So it is with each number in each column of a player’s record; the number represents not an accounting of how many times an event has occurred as much as it represents the characteristics of the player which made those events possible.   A "50" in the stolen base column represents speed, outstanding speed.   A "30" in the stolen base column represents speed; an "80" represents historic speed.    A "15" in the triples column represents both speed and an ability to hit a slashing line drive.

Encyclopedia1It's an idea that will certainly appeal to anyone who loves baseball, but it is also about a something bigger. The ability to conjure up fictional realities out of scraps of information.  James uses a baseball template because that is what he knows best and all of us who've spent time with baseball statistics know they represent something more than the numbers themselves - they help paint a picture of a person.

The numbers above tell the poignant story of a potential Hall of Fame career derailed by injuries; of a hitter who painfully reconstructed a career over a period of years, capped by one spectacular season late in his career abetted by playing in a ballpark favoring pull hitters like himself, only to see age and a change in the strike zone catch up with him the following year.  He was probably an outfielder, not more than 6 feet tall and weighing, at most, 180 pounds.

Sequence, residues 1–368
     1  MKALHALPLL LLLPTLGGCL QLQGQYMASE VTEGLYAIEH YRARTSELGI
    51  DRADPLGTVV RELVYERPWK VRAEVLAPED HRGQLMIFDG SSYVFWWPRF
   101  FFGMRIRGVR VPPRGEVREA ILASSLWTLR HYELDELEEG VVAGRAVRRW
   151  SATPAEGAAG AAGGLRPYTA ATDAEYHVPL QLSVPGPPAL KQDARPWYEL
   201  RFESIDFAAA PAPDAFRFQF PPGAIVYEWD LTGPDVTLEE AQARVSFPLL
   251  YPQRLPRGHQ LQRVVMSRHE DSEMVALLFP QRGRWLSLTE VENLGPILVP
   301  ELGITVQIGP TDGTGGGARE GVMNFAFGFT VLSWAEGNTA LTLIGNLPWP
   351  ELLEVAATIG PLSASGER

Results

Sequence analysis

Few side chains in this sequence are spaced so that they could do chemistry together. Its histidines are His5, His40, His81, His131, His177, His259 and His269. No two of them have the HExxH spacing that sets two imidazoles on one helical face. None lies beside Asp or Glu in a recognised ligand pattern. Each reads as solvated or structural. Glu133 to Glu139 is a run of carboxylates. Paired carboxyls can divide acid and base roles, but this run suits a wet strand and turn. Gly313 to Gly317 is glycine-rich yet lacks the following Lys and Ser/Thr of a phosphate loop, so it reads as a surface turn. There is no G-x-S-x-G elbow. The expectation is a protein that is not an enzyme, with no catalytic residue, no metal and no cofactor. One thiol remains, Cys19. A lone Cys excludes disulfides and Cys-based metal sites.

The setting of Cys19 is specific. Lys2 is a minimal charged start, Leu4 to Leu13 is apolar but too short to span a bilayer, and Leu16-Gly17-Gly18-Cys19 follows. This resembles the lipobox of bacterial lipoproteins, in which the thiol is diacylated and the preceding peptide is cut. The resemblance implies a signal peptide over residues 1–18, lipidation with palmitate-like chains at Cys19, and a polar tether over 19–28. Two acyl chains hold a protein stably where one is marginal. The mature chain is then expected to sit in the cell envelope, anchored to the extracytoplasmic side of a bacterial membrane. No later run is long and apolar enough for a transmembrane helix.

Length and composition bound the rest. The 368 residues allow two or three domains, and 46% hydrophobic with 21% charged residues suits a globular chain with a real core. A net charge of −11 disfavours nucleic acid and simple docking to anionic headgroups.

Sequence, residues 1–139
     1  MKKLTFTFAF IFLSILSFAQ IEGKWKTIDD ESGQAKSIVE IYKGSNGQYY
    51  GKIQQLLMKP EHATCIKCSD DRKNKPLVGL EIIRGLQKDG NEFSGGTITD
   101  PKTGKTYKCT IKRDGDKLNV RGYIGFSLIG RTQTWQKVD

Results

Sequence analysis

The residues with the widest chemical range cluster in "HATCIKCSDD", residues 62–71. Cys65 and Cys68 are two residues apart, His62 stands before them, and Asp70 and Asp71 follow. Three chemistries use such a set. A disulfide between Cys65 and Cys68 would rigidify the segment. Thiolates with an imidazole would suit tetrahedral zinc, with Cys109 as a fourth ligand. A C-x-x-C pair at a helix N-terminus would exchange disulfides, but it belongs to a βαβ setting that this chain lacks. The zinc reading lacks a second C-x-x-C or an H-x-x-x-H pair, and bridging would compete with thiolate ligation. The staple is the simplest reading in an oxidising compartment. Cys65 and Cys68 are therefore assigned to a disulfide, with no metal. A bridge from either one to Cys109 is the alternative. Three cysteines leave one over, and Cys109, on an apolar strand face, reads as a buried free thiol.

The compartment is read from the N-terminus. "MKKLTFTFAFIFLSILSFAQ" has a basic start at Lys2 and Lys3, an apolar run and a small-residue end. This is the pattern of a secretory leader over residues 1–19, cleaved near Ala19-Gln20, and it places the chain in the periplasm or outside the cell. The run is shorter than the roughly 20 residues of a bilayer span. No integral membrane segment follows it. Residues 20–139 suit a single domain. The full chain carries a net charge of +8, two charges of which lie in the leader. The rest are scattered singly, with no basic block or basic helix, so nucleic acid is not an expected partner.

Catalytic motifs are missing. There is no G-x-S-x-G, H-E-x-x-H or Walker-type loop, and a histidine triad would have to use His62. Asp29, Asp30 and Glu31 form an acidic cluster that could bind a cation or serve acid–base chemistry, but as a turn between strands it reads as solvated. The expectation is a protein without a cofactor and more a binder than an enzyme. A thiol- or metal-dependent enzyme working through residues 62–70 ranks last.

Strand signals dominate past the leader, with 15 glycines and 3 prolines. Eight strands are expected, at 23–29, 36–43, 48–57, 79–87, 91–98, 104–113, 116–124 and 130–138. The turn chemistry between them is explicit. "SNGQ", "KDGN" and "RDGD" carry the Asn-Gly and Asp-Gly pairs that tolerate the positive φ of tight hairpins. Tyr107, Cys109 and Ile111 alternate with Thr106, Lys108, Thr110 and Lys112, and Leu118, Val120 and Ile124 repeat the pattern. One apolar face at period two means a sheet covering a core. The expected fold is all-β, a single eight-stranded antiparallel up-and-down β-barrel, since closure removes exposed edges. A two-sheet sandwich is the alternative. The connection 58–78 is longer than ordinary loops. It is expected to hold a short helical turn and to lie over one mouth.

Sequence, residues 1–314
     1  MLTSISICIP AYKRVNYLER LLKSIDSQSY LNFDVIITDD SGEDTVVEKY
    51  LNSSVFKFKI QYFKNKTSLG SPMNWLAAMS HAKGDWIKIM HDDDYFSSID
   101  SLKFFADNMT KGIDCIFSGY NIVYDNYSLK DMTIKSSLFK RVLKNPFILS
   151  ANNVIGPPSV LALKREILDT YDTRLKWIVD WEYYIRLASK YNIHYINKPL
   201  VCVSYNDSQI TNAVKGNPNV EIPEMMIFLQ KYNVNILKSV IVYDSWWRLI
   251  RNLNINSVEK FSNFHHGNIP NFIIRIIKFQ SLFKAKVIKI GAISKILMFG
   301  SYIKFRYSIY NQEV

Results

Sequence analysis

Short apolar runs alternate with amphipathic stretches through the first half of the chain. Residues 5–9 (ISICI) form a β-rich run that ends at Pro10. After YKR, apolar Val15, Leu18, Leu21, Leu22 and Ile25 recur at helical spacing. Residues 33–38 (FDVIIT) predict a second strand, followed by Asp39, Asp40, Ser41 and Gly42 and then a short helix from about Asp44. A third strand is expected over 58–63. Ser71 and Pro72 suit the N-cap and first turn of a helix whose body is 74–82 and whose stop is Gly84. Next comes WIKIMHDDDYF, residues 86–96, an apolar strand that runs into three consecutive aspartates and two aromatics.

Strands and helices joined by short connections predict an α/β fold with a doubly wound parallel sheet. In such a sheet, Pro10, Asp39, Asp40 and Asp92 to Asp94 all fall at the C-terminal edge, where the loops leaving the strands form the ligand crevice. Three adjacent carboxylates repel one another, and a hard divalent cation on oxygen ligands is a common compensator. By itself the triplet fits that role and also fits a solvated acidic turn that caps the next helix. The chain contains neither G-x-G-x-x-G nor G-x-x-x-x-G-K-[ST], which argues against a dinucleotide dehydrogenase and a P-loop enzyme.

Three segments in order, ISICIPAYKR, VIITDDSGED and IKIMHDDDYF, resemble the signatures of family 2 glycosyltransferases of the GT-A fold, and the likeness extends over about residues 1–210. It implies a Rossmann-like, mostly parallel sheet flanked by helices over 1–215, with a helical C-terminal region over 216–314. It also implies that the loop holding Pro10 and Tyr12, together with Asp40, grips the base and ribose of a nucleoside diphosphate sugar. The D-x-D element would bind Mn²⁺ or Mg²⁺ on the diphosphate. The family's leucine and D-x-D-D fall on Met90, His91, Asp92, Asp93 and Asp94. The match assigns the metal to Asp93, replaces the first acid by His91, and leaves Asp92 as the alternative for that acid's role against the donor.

James goes on to explain more about what these numbers mean:
Baseball statistics can be keys not merely to physical attributes, but to character and personality.   If a player is exactly the same year in and year out—that is, if he is CONSISTENT—like Gil Hodges, Henry Aaron, Luis Aparicio, Bobby Abreu or Tom Glavine—it may be assumed that he is a solid, stable, mature individual; I suppose this could be proven untrue, but I don’t know of any case in which it was untrue.   The consistency of the record can be seen as a psychological test of consistency, although we should note that there are in fact stable, consistent people who have highly inconsistent records because of injuries and other factors.   If a player controls the strike zone and maximizes his performance in other related ways, it may be assumed that he is probably an intelligent person, although I have certainly seen cases in which this did not seem to be true.